> throughput and kswapd demotion throughput, right? Patch 5 allows user
> to adjust page promotion throughput, NUMA_BALANCING_PROMOTE_WATERMARK
> at least can be something like X * numa_balancing_rate_limit_mbps.
> Also, is there any way of measuring kswapd demotion throughput at boot
> time? So we can take it into account too. Does this make sense?

Yes. 10MB is just a ad-hoc number that happens work well on my test
machine. And I am glad to discuss the proper value.

- The effect of the patchset will keep the size of the free memory in
as small as possible to take full advantage of the valuable DRAM.

- The PROMOTE_WATERMARK should be larger than the max per-CPU counter
error. So that migrate_balanced_pgdat() for promotion and
pgdat_balanced() for demotion can cooperate.

- The PROMOTE_WATERMARK should be large enough to batch the demotion.

- If the promotion speed is slower than the demotion speed, the larger
the PROMOTE_WATERMARK, the longer the sleep time of kswapd. If the
promotion speed is faster than the demotion speed, kswapd will keep
running until promotion is rate limited at least.

So, if we set PROMOTE_WATERMARK as N * numa_balancing_rate_limit_mbps,
then kswapd will sleep about N seconds after the number of the free
pages reaches PROMOTE_WATERMARK. Is that expected?

All in all, I don't think some ad-hoc number such as 10MB is good
enough. And the solution adopted in this patch should be as simple as
possible. This will provide a baseline, so that we can improve it later
with more sophisticated solution with the numbers. Do you agree?

Best Regards,
Huang, Ying

>> The choice "a" will create the memory pressure in the fast memory
>> node. If the memory pressure of the workload is high, the memory
>> pressure may become so high that the memory allocation latency of the
>> workload is influenced, e.g. the direct reclaiming may be triggered.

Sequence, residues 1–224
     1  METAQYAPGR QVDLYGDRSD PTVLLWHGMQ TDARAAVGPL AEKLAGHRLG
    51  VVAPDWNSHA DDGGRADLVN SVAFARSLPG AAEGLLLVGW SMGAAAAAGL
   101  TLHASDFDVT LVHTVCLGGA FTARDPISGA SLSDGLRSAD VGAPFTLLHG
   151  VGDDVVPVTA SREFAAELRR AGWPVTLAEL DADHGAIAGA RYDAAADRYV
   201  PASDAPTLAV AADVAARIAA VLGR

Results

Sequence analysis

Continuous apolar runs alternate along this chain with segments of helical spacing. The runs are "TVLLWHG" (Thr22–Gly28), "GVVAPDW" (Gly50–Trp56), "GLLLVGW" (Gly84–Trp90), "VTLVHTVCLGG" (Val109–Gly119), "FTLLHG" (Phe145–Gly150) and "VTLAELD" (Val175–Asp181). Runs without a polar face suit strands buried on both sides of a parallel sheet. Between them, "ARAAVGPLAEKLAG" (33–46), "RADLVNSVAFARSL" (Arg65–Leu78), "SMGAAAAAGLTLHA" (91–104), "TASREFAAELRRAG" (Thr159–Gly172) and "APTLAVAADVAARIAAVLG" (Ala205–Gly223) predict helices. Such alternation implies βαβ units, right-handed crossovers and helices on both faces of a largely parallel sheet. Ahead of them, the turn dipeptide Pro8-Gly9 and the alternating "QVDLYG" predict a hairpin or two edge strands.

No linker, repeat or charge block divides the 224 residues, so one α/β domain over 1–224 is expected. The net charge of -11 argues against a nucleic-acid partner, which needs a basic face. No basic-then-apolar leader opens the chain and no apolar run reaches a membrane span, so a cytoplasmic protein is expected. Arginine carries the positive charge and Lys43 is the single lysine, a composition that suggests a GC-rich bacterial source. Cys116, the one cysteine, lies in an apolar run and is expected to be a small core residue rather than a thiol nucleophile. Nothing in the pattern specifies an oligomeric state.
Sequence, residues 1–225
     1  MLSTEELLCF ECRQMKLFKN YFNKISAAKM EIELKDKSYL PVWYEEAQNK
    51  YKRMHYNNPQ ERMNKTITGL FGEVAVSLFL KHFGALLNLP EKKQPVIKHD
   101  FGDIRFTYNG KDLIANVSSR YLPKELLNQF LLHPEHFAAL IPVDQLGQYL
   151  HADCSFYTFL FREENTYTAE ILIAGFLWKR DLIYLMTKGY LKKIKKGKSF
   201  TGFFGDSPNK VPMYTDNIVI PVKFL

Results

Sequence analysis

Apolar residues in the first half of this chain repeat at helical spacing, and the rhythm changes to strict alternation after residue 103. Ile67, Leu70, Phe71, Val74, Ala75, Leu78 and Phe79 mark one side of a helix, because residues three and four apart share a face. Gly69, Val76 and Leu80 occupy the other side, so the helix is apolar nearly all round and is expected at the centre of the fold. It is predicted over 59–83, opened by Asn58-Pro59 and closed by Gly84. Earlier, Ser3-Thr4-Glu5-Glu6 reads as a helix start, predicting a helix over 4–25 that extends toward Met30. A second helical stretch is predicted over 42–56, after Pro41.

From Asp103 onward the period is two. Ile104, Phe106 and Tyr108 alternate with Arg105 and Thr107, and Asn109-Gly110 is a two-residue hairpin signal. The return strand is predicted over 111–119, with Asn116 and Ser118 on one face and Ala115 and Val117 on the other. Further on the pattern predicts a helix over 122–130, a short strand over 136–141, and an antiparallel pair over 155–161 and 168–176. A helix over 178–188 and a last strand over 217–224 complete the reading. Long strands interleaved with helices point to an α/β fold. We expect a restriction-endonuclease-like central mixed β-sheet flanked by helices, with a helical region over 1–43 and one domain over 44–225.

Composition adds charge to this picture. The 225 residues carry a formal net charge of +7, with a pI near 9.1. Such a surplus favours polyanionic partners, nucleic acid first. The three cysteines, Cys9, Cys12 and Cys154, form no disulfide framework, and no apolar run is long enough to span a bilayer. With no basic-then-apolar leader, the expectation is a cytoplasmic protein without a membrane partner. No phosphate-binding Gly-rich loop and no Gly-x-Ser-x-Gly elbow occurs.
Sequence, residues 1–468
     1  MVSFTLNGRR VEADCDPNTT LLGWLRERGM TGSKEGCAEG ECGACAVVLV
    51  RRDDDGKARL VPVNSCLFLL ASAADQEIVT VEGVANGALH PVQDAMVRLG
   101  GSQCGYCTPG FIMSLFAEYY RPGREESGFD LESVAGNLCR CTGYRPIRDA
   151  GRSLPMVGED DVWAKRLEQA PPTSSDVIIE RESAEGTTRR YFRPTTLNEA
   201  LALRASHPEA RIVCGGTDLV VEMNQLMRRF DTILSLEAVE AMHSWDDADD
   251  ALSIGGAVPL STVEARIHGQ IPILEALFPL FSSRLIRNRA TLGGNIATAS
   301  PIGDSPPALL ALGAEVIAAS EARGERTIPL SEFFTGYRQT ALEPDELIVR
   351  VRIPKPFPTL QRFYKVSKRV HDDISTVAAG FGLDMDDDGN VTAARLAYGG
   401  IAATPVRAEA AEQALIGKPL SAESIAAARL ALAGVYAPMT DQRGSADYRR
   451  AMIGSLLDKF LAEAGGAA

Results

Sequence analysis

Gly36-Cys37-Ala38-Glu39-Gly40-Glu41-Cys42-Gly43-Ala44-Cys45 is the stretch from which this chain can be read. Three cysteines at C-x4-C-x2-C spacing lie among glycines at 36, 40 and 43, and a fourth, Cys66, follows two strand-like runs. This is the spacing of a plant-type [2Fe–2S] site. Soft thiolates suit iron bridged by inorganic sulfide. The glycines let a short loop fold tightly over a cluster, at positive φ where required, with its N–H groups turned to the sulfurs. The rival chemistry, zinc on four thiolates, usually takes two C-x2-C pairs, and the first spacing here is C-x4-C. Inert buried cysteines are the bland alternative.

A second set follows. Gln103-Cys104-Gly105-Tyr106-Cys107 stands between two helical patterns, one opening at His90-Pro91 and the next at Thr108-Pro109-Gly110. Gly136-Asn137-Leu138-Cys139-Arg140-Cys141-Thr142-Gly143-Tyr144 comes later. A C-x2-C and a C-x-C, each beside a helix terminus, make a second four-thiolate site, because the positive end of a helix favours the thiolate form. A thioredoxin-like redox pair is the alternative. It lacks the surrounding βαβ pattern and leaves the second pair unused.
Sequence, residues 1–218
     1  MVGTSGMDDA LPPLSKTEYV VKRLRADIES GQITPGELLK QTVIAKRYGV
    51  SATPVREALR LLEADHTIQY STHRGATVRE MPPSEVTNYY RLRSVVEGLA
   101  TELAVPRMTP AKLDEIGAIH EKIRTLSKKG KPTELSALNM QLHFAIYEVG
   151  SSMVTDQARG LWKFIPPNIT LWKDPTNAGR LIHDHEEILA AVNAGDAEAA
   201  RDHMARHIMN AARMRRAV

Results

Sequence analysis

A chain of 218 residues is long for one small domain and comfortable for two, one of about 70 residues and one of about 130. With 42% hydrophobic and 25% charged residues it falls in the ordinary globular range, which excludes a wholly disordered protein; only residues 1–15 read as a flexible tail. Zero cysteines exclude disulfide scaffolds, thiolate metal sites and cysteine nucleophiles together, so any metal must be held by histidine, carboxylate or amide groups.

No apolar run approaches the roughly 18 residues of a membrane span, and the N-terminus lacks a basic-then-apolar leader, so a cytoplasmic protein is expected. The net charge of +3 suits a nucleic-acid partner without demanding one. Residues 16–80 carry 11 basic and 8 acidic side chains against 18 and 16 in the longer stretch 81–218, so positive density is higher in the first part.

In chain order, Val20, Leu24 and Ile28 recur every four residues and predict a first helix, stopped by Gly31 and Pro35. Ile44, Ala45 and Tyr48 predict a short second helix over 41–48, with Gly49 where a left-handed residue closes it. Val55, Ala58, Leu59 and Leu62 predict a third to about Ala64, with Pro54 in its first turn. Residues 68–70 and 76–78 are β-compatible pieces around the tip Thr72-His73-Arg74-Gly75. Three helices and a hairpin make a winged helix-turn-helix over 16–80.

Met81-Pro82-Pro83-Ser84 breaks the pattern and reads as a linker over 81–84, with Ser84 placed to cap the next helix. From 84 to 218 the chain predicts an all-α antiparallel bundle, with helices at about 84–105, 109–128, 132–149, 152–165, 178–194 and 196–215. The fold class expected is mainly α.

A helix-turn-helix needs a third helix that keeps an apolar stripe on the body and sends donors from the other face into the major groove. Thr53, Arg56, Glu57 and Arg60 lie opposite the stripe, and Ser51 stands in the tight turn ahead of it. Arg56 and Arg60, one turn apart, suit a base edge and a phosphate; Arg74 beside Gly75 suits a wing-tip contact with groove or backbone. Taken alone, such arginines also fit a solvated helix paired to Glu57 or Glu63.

>> The choice "b" works much better at this aspect. If the memory
>> pressure of the workload is high, the hot pages promotion will stop
>> earlier because its allocation watermark is higher than that of the
>> normal memory allocation. So in this patch, choice "b" is
>> implemented.
>> In addition to the original page placement optimization among sockets,
>> the NUMA balancing mechanism is extended to be used to optimize page
>> placement according to hot/cold among different memory types. So the
>> sysctl user space interface (numa_balancing) is extended in a backward
>> compatible way as follow, so that the users can enable/disable these
>> functionality individually.
>> The sysctl is converted from a Boolean value to a bits field. The
>> definition of the flags is,
>> Signed-off-by: "Huang, Ying" <ying.huang@xxxxxxxxx>
>> Cc: Andrew Morton <akpm@xxxxxxxxxxxxxxxxxxxx>
>> Cc: Michal Hocko <mhocko@xxxxxxxx>
>> Cc: Rik van Riel <riel@xxxxxxxxxxx>
>> Cc: Mel Gorman <mgorman@xxxxxxx>
>> Cc: Peter Zijlstra <peterz@xxxxxxxxxxxxx>
>> Cc: Dave Hansen <dave.hansen@xxxxxxxxxxxxxxx>
>> Cc: Yang Shi <shy828301@xxxxxxxxx>
>> Cc: Zi Yan <ziy@xxxxxxxxxx>
>> Cc: Wei Xu <weixugc@xxxxxxxxxx>
>> Cc: osalvador <osalvador@xxxxxxx>
>> Cc: Shakeel Butt <shakeelb@xxxxxxxxxx>
>> Cc: linux-kernel@xxxxxxxxxxxxxxx
>> Cc: linux-mm@xxxxxxxxx


Best Regards,
Huang, Ying